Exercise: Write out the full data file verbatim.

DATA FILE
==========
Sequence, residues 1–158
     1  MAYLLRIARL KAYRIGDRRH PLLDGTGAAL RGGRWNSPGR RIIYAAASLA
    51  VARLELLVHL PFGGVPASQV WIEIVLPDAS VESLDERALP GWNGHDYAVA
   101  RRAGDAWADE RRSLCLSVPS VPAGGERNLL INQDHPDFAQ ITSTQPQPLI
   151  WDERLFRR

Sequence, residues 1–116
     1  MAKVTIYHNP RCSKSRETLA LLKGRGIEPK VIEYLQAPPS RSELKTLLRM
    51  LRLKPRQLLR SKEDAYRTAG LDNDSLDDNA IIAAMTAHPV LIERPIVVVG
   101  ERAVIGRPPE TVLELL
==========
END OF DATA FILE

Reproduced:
Sequence, residues 1–158
     1  MAYLLRIARL KAYRIGDRRH PLLDGTGAAL RGGRWNSPGR RIIYAAASLA
    51  VARLELLVHL PFGGVPASQV WIEIVLPDAS VESLDERALP GWNGHDYAVA
   101  RRAGDAWADE RRSLCLSVPS VPAGGERNLL INQDHPDFAQ ITSTQPQPLI
   151  WDERLFRR

Sequence, residues 1–116
     1  MAKVTIYHNP RCSKSRETLA LLKGRGIEPK VIEYLQAPPS RSELKTLLRM
    51  LRLKPRQLLR SKEDAYRTAG LDNDSLDDNA IIAAMTAHPV LIERPIVVVG
   101  ERAVIGRPPE TVLELL